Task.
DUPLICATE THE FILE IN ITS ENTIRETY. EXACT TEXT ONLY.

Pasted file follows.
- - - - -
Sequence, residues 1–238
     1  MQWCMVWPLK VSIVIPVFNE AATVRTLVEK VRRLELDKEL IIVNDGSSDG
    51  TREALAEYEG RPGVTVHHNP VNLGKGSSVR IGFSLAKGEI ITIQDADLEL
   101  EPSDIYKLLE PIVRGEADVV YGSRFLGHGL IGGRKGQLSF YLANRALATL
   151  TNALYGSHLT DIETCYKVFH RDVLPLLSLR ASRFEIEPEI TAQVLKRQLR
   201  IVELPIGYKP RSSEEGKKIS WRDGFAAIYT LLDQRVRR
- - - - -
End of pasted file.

Sequence, residues 1–238
     1  MQWCMVWPLK VSIVIPVFNE AATVRTLVEK VRRLELDKEL IIVNDGSSDG
    51  TREALAEYEG RPGVTVHHNP VNLGKGSSVR IGFSLAKGEI ITIQDADLEL
   101  EPSDIYKLLE PIVRGEADVV YGSRFLGHGL IGGRKGQLSF YLANRALATL
   151  TNALYGSHLT DIETCYKVFH RDVLPLLSLR ASRFEIEPEI TAQVLKRQLR
   201  IVELPIGYKP RSSEEGKKIS WRDGFAAIYT LLDQRVRR